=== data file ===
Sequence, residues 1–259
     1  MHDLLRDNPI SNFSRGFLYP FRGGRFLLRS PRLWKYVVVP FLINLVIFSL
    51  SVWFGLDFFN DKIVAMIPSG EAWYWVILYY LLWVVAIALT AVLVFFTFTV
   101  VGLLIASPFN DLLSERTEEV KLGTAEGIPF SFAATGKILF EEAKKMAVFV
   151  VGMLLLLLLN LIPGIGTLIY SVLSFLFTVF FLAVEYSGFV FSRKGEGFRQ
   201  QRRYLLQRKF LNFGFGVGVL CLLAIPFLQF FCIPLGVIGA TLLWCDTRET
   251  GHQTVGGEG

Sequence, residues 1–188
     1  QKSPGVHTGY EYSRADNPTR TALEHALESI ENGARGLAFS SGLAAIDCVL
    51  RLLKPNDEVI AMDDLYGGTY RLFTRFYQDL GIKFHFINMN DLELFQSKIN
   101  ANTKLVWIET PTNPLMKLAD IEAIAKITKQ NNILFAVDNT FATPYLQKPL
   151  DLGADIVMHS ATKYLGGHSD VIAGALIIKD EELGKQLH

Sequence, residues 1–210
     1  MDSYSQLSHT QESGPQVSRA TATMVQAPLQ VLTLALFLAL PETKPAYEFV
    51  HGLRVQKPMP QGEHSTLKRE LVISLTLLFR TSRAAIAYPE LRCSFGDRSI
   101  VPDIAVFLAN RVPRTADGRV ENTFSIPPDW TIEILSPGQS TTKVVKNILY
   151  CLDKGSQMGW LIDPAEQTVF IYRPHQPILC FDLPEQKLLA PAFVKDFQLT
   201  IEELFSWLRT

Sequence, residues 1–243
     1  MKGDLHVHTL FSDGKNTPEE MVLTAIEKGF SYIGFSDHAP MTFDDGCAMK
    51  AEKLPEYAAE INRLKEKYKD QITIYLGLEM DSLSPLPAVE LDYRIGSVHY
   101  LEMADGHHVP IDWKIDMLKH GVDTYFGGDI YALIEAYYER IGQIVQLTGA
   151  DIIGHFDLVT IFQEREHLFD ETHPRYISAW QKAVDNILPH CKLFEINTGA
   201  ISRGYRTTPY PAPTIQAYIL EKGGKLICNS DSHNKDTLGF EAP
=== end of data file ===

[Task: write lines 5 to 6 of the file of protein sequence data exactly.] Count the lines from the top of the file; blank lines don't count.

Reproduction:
   151  VGMLLLLLLN LIPGIGTLIY SVLSFLFTVF FLAVEYSGFV FSRKGEGFRQ
   201  QRRYLLQRKF LNFGFGVGVL CLLAIPFLQF FCIPLGVIGA TLLWCDTRET